Development of a Video-Based Instrument for ASD Screening in Infancy

Thursday, May 11, 2017: 1:45 PM
Yerba Buena 9 (Marriott Marquis Hotel)
S. Ozonoff1, G. S. Young1, A. Belding2, S. Dvorak3, A. M. Hill2, M. M. Hill2, A. J. Schwichtenberg4 and J. N. Constantino5, (1)Psychiatry and Behavioral Sciences, University of California, Davis, MIND Institute, Sacramento, CA, (2)UC Davis MIND Institute, Sacramento, CA, (3)Instructional and Educational Technology, UC Davis, Davis, CA, (4)Purdue University, West Lafayette, IN, (5)Washington University in St. Louis, St. Louis, MO
Background:  The most widely used method for ASD screening is parent report but recent studies have demonstrated low agreement with more objective measurements of ASD symptoms. Major sources of error in parent report are comprehension and interpretation errors, such as limited understanding of the constructs or knowledge of developmental milestones. The use of videos has been shown to dramatically increase clarity in other fields, from music instruction to motor vehicle repair; in this study we examined whether video also improves ASD screening.

Objectives:  We developed the Video-Referenced Infant Rating System for Autism (VIRSA), a low-cost, low-burden, web-based ASD screening measure, and examined its psychometric properties and ability to predict autism outcomes.

Methods:  The VIRSA consists of a large library of 20-second video clips of parents interacting with infants, distributed along a continuum from high to low social competence. Parents are shown a pair of videos and asked to choose the one most like their child. Depending upon which video is chosen, the next pair of videos is selected to narrow the search space, and this process is repeated until the ratings converge on a stable score. The VIRSA was administered at 6, 9, 12, and 18 months to parents of 90 infants at familial risk for ASD and 45 infants with no family history of ASD. The infants are followed to 36 months of age to determine diagnostic outcomes. Parents complete the VIRSA from home, immediately before the visit and one week later. Examiners complete the VIRSA immediately after the visit. Finally, parents complete the Infant Toddler Checklist (ITC), a screening instrument that uses written descriptions of behavior, providing a measure of convergent validity.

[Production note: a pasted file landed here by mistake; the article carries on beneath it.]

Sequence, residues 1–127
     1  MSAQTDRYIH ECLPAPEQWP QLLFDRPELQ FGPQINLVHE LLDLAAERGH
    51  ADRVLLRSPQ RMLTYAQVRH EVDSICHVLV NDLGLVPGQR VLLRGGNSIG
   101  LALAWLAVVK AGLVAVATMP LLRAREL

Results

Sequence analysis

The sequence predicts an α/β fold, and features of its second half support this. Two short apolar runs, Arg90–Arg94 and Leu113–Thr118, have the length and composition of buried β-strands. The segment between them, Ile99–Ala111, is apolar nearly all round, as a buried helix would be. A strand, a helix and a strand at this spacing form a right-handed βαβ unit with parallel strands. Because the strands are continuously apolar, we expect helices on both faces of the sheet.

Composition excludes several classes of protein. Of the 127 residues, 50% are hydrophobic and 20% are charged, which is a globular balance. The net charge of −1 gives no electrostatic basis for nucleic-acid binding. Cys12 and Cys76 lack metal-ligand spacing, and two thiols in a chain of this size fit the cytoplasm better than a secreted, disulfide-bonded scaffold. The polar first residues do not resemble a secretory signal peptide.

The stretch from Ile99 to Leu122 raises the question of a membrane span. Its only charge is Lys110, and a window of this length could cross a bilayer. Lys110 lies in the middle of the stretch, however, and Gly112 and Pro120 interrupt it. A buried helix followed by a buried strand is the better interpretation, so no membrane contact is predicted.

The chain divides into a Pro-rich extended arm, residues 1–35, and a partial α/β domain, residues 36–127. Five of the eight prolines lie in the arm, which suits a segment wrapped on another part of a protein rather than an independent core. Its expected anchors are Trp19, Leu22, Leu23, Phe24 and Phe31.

Results:  Split-half reliability is good to excellent (r=.63 for parents, r=.86 for examiners). One-week test-retest reliability is good (r=.61), with parents selecting the same videos as the week earlier on 71.9% of paired comparisons. Inter-rater reliability is lower (r=.28) which was not unexpected, given the different contexts and expertise across parents and examiners. There is a significant main effect for the VIRSA as a predictor of the ITC, χ2=579.64, p<.001. This suggests acceptable convergent validity, with the VIRSA indexing many of the same behavioral constructs as the ITC. To examine predictive validity we compared VIRSA scores of participants who are typically developing (n=135) to those with an ASD diagnosis (n=16) or for whom developmental concerns have been raised (Atypical group, n=18). As seen in Figure 1, VIRSA scores of the ASD group worsen over time, while those of the Typical and Atypical group are stable or increase with age (main effect of group, χ2= 6.68, p<.05; group x time interaction, χ2=6.41, p<.05. The ASD group differs significantly from the Typical group by 9 months and from the Atypical group by 18 months.

Conclusions: 1) The VIRSA has good psychometric properties. Parents provide consistent ratings over time, demonstrate moderate agreement with expert examiner ratings, and detect changing behaviors as their infants develop ASD. 2) These findings replicate the pattern of declines in development as ASD emerges that have been documented using other measures.